EY's findings on awareness

D'oh!

COVID impact

COVID pandemic significantly and unexpectedly increased the need for remote work in 2020 to assure production continuity in the Oil & Gas assets. Today the level of vulnerabilities is much higher due to the need of maintaining and operating upstream, midstream, and downstream assets remotely. How do you discover and keep everyone around you aware of novel cybersecurity risks emerging in the current COVID period and ultimate post-COVID era? I can hear you. It is an issue because the scale of remote work unearthed the new type of risks on a higher priority.

Workforce culture

Security-related risks are reduced by 70% when businesses invest in cybersecurity training and awareness. As mentioned above, the Oil & Gas industry has a combination of 3 distinctive factors that make cybersecurity awareness worse comparing to other industries:

  • outdated infrastructure;
  • the challenge to attract enough ICT young talent due to ''dirty energy'' reputation; 
  • a fast-changing world. 

You should focus on what is in your control. The optimal thing to do is to cope with what is there ie adapt existing equipment and changing people's habits from top to down. To understand how you need to look at what others are doing about it.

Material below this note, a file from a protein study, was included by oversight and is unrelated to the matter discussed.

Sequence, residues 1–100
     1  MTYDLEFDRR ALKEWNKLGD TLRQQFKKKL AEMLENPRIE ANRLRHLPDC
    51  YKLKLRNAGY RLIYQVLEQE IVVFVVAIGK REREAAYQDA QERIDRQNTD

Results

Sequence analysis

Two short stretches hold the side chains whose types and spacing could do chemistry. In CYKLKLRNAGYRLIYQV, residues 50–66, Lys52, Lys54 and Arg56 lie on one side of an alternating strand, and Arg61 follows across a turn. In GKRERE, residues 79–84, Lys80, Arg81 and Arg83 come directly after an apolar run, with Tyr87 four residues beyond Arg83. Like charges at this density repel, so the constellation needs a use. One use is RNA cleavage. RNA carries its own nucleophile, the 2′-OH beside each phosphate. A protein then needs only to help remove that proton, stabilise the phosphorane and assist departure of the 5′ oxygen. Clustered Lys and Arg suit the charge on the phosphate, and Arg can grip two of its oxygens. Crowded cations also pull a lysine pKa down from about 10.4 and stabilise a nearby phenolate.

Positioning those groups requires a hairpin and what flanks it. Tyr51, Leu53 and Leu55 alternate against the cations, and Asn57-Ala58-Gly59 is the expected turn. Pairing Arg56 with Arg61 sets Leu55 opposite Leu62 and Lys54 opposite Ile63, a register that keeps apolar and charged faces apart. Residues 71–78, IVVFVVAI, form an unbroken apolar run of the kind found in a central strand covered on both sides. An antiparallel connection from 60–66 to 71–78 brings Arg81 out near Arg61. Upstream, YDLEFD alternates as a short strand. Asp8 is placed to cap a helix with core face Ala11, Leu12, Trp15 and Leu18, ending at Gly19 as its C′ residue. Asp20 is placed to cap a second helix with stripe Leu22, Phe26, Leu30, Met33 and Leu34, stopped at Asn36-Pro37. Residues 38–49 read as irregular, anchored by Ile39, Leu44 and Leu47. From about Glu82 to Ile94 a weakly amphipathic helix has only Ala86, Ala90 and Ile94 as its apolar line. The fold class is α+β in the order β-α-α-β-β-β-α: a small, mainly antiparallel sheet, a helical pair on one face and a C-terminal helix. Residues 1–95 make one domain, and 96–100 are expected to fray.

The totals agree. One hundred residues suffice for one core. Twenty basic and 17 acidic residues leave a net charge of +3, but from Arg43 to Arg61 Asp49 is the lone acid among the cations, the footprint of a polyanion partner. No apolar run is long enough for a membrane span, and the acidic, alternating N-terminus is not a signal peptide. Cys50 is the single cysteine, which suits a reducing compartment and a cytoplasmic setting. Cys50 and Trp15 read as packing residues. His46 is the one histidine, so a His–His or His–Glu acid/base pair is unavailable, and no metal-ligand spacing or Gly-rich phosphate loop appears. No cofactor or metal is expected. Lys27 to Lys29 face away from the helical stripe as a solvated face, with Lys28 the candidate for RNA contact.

P.S.

If you never watched The Simpsons animated sitcom: Homer Simpson is a patriarch of the Simpsons family. He works at Springfield Nuclear Plant as a safety inspector. Although being a good man, he is the embodiment of ignorance. He is my favorite because he is human.

Discussions

Matt Chester's picture
Matt Chester on Oct 22, 2020

After deploying state of the art training program that has enough frequency and certification procedure you may still find yourself in witnessing recurring negligence. Why does that happen? Well, sometimes you may assume that if people aware then they care. Right? Wrong! Look, you may have aware people, but it doesn't always mean that they care.